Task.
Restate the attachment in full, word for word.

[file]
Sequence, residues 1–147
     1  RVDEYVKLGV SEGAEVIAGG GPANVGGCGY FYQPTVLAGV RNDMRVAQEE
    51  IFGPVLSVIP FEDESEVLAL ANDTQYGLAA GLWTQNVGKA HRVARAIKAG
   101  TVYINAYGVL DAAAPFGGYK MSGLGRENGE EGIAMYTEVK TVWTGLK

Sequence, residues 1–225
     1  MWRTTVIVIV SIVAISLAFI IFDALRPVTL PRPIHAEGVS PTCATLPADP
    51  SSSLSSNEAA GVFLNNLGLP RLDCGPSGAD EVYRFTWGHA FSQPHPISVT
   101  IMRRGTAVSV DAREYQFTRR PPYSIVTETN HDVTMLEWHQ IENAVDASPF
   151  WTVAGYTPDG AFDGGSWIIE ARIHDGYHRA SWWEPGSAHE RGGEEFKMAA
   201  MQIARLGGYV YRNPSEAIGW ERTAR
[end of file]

Sequence, residues 1–147
     1  RVDEYVKLGV SEGAEVIAGG GPANVGGCGY FYQPTVLAGV RNDMRVAQEE
    51  IFGPVLSVIP FEDESEVLAL ANDTQYGLAA GLWTQNVGKA HRVARAIKAG
   101  TVYINAYGVL DAAAPFGGYK MSGLGRENGE EGIAMYTEVK TVWTGLK

Sequence, residues 1–225
     1  MWRTTVIVIV SIVAISLAFI IFDALRPVTL PRPIHAEGVS PTCATLPADP
    51  SSSLSSNEAA GVFLNNLGLP RLDCGPSGAD EVYRFTWGHA FSQPHPISVT
   101  IMRRGTAVSV DAREYQFTRR PPYSIVTETN HDVTMLEWHQ IENAVDASPF
   151  WTVAGYTPDG AFDGGSWIIE ARIHDGYHRA SWWEPGSAHE RGGEEFKMAA
   201  MQIARLGGYV YRNPSEAIGW ERTAR